16 SES 09 B, Collaboration and Identity Construction in Digital Environments
There is a lack of consensus in terms of what a virtual learning environment entails and it is often assumed to offer a poor substitute for an analog learning environment (Hilli, 2016). Informal virtual learning environments, such as social media and video games, offer tools for participants to explore and co-construct identities in digitally mediated interactional environments (Boyd, 2014; Taylor, 2009; Gee, 2007). These virtual environments appear to provide participants with digitally mediated tools for identity construction in a way that may not be possible in face-to-face interaction. This provides for interesting arenas regarding both learning and identity construction. However, these arenas still remain largely unexplored. Especially, the issue of how identity construction within the informal virtual learning environments might affect the learning process has not been extensively studied. Identity in itself is a complex term, with different possible uses and interpretations (Buckingham, 2008). However, this study employs a participant’s perspective on identity.
The overarching aim of this study is to explore the possibilities for constructing and co-constructing identity in the intersection of informal and formal learning environments and the possible effect this might have on the student’s learning experience. The first research question is: what possible tools or arenas for constructing and co-constructing identity does the intersection between informal and formal learning environments offer? And the second research question is: how does the identity construction in the intersection of formal and informal learning environments affect the student’s learning experience?
We intend to answer these research questions through analyzing ethnographic video material of four teenagers, aged 16-18, in the intersection of formal and informal learning environments. The study consists of two sets of data that capture different informal virtual learning environments. However, there is an overlap with their formal learning environments when a student is simultaneously in a formal and informal learning environment or as the students engage with an informal learning environment as a requirement for course credits in their formal learning environment. The informal learning environments in this study are forms of social media, Tumblr and Snapchat, as well as multiplayer video games, Counter Strike: Global Offensive and Overwatch.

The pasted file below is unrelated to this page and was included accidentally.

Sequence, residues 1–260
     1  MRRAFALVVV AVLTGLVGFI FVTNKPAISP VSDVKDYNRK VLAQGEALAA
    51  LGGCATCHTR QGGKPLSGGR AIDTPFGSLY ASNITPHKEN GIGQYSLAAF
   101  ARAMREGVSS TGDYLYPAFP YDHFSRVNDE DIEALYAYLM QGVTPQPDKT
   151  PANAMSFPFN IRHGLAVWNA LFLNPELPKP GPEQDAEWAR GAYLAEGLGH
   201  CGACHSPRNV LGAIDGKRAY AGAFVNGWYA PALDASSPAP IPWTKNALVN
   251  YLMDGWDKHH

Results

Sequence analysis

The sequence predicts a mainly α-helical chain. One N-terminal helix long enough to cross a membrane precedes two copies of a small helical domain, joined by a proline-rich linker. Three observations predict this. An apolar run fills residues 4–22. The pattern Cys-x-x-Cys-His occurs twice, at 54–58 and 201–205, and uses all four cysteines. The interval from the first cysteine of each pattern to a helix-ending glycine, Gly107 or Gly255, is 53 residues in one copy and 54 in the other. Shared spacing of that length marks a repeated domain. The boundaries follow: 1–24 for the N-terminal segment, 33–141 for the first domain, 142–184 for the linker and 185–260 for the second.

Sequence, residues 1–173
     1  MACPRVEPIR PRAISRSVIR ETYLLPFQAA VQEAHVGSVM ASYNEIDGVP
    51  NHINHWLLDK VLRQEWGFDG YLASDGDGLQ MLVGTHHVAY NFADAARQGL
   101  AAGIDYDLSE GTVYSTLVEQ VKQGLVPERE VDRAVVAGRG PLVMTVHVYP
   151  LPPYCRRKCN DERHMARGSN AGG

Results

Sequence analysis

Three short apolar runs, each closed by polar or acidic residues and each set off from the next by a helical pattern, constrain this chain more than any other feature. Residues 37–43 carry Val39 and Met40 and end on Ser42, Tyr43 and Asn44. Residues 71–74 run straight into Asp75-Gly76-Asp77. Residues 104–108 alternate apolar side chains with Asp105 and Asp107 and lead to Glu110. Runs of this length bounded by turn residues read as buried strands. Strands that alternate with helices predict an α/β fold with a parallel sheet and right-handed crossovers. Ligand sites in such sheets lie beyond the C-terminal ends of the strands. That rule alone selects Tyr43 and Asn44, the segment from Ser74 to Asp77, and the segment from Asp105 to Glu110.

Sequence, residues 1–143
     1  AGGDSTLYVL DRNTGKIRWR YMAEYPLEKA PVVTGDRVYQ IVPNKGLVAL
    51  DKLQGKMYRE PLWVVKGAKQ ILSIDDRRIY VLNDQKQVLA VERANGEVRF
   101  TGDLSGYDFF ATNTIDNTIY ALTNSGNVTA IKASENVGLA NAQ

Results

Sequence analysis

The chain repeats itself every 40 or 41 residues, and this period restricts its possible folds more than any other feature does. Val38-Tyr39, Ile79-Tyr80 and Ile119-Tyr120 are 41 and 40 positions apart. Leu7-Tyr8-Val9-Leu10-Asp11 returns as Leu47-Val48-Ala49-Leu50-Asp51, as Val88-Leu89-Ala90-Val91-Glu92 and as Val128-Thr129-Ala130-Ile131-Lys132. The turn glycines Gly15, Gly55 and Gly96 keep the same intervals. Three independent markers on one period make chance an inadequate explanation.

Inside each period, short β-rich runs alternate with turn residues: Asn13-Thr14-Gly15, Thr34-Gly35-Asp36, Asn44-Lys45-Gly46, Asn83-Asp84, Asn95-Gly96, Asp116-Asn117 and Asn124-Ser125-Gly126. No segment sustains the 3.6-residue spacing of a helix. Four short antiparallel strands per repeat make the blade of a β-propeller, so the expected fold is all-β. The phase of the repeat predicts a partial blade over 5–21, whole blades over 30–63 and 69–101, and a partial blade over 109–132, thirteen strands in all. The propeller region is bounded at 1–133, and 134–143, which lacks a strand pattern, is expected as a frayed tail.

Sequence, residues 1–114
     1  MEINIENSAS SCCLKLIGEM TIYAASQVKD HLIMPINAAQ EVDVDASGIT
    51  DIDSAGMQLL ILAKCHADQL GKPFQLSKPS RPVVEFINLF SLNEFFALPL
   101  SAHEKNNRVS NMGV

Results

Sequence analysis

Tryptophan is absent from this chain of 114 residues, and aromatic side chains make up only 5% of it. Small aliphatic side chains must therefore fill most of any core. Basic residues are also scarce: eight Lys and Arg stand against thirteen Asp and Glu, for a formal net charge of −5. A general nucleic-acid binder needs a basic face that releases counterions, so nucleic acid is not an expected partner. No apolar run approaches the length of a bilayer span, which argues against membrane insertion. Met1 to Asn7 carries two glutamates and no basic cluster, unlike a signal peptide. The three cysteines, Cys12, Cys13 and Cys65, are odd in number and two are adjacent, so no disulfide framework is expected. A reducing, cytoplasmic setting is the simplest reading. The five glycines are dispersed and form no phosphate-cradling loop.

In order for communication to work, each individual interprets the information that co-participants provide about themselves when communicating. At the same time, the individual tries to manage the information that s/he provides in order to create a more favorable image of him-/herself (Goffman, 1959). This basis for communication is made more complex in the current society where people can communicate without necessarily seeing each other and with new tools for managing the information given away.
Communication in-and-through video games can be seen in form of speaking or chatting with other players, but also through trusting other players, for example by the reputation a certain player has. The contacts a player has within a game can be a complex network of online and offline life and with a shifting focus in and out of the game. The player is socialized into the complex social hierarchy of multiplayer games and the different social norms that affect the game experience. Some of the interactions between players are facilitated by the game mechanics. However, there are also situations where the players use the tools provided by the game to communicate in other ways than the game developers initially intended. Different groups within a multiplayer game can have different agendas, depending on their ambition. Being part of a group can be seen as a marker for social status within the game context and in that sense, the grouptag can be an important part of the player’s identity. (Taylor, 2009).